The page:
Time to open up Open Data

I really like going to events about open data and particularly those about the not for profit sector and how we can engage with and use open data. So I was delighted to go along to Nesta’s Maximising Your Data Impact event this week. It’s a chance catch up with some familiar faces and meet people I’ve engaged with on social networks and talk about open data, its potential and the how we take advantage of the opportunities it presents. This time it was also an opportunity for me to talk to people about our plans for Data Unity, to develop a useful tool for charities and community groups to make better use of their own data and use other public data to help them realise their organisational aims. But, pleasant though it is to chat to friends and like-minded colleagues, I came away frustrated and depressed by the day.

While the speakers on the platform repeatedly referred to widening participation and engagement with open data, the fact is that it’s the same few people they’re talking to about it. The discussions are still highly technical – which though obviously important, is not likely to engage a wider audience in the issues and opportunities open data presents. For an interested amateur like me, much as I tried to understand the finer points of standardisation and the like, I found much of the content going over my head. I occupied myself with the interesting backchat on twitter, but it felt like something of a missed opportunity.

For an event about civil society’s use of open data (the event’s hashtag was ‘#vcsdata’!) there were depressingly few participants and presenters from the not for profit sector. The morning plenaries had the Minister for Civil Society and Peter Wanless from the Big Lottery Fund, along with a plethora of data specialists; undoubtedly experts, but nothing I felt that moved practice forward within the VCS. The good folk of Barnsley Hospice have a good story to tell about how they use open data which is an important exemplar from the sector, but (with respect) I heard them present at the Opening Doors event (a one day conference also on the VCS and open data) a year ago. Things have not moved on.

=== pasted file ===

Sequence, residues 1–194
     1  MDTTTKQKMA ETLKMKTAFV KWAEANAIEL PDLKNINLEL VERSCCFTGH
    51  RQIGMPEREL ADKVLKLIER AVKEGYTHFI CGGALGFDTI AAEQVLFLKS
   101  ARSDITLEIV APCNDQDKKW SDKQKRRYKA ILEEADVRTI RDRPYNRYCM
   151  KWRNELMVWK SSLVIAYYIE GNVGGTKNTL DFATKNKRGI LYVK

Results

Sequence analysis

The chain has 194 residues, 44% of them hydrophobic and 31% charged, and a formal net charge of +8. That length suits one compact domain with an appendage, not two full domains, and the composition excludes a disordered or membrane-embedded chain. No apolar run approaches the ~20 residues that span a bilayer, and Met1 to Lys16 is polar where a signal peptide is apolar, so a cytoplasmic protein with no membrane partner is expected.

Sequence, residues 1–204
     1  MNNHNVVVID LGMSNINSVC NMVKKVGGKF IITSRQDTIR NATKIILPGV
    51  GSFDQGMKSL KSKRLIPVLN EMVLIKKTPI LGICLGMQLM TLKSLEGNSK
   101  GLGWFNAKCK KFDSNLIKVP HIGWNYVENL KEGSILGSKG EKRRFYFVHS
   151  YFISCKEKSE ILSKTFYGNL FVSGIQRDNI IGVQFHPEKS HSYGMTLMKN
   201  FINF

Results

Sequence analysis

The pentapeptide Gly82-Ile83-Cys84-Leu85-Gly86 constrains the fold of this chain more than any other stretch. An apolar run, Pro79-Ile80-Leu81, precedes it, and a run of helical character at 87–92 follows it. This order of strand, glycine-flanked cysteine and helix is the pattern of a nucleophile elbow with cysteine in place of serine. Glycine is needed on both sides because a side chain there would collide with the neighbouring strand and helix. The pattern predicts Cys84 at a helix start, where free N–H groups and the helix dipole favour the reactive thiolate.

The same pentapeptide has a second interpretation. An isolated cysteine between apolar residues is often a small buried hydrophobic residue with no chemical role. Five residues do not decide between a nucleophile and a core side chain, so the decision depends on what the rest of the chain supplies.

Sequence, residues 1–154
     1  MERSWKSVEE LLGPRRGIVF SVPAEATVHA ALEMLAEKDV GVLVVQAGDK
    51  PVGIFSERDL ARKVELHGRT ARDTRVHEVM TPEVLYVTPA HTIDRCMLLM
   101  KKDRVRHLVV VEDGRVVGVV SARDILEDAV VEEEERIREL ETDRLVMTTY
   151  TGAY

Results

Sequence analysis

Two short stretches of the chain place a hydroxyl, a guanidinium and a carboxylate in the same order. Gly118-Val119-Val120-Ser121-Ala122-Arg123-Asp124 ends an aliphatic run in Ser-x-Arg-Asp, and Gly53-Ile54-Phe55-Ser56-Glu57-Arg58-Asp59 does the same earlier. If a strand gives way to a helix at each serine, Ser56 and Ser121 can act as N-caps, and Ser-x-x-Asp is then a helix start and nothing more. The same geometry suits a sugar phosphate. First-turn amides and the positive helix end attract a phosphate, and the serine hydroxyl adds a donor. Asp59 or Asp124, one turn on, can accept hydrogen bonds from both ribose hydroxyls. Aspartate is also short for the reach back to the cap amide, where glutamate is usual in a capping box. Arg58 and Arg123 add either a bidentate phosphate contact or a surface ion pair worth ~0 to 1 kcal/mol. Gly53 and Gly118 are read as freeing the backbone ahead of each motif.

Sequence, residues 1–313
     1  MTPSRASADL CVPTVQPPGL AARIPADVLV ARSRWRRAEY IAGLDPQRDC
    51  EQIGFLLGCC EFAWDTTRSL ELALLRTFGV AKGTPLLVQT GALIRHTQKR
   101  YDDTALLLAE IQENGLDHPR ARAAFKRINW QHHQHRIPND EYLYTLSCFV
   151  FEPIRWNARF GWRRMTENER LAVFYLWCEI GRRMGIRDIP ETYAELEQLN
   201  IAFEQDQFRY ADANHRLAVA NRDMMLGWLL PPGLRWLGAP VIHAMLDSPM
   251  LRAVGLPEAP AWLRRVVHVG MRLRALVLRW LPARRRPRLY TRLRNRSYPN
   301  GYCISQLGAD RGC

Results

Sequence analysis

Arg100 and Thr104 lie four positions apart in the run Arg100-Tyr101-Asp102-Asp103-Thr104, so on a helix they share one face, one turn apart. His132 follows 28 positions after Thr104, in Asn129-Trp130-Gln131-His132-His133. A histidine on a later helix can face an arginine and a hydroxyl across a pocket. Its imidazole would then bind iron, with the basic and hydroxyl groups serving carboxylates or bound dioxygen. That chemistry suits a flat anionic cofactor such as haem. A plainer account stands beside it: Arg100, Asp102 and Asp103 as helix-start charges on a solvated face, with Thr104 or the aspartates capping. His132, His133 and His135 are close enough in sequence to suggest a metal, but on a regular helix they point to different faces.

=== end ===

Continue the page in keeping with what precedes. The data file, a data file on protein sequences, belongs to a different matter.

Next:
There was some practical input in the afternoon – several practitioners squeezed into a 45 minute slot across a whole day…and it did feel rushed. The one part of the day which offered some important learning, inspiration and was led by the sector felt like it was very much second fiddle to the data specialists who dominated the earlier plenaries.

One techie speaker said ‘we have the tools, we have the data, now we need to do things with it’, but from where I’m sitting, we don’t have the tools, we don’t have the data and we need to have a discussion about how open data can help us to achieve our goals. Talk of widening participation is no more than a platitude if the debate continues to be held among a small number of people with little dedicated effort to reframe the debate in non-technical terms. Where we are today, in the VCS, is a million miles from where we may want to get to. We need to shift attitudes, understanding, data literacy and practice incrementally.

I hope that Data Unity will help to encourage and support charities and community groups to take the first steps towards open data’s promised land, but it is never going to be more than one part of what’s needed. We need much more cross-pollination between techies and non-techies, those who can develop and those who can do. Until we start to mix things up and engage with non-data specialists on their own terms, the conversation will continue to be held among the same small group of people and any potential open data does offer will not be realised within the VCS.

It’s time to open up open data.

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One thought on “Time to open up Open Data

  1. ‘We have the tools, we have the data, now we need to do things with it’ is missing the point somewhat. What we need now are the questions. We need to work with CEOs and trustees to help them to understand that there could be data out there that could help them answer the big questions. Also that their data could help others to answer their own questions.

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